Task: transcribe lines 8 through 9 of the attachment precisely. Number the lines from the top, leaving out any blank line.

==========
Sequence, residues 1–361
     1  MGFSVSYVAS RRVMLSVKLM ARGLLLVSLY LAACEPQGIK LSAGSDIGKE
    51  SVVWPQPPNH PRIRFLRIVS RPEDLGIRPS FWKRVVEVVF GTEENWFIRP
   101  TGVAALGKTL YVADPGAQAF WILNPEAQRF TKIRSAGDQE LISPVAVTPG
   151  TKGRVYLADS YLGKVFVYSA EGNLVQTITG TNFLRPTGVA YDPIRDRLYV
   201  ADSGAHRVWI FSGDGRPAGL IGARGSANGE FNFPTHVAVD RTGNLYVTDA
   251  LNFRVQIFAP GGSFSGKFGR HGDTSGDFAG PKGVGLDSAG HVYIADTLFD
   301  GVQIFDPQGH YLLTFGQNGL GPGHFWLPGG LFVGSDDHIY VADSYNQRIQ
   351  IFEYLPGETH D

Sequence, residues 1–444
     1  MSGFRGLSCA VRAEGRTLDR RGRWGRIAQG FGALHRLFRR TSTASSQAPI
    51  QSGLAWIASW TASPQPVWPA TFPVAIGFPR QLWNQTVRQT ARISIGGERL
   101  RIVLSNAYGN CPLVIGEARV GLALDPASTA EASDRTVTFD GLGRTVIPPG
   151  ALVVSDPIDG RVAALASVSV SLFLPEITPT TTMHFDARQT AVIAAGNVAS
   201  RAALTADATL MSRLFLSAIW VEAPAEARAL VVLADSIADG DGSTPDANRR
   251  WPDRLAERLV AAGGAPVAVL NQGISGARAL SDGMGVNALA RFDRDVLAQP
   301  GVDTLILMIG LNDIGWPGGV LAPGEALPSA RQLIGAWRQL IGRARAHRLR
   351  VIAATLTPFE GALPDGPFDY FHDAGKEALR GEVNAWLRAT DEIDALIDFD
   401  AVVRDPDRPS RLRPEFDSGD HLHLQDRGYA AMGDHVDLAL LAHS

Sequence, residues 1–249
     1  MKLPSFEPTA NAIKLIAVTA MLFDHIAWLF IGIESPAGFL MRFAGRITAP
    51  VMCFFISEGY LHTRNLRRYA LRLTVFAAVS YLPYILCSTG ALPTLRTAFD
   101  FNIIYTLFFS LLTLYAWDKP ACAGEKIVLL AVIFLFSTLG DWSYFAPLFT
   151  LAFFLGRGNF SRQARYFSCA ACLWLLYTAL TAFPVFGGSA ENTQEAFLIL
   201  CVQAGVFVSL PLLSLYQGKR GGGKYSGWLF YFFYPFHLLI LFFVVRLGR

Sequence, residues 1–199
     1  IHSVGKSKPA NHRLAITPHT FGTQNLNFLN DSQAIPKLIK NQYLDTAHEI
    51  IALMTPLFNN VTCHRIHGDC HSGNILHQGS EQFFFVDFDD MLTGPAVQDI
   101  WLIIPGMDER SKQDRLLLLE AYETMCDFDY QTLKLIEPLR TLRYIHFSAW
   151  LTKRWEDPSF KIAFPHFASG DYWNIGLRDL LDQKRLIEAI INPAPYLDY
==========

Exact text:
   301  GVQIFDPQGH YLLTFGQNGL GPGHFWLPGG LFVGSDDHIY VADSYNQRIQ
   351  IFEYLPGETH D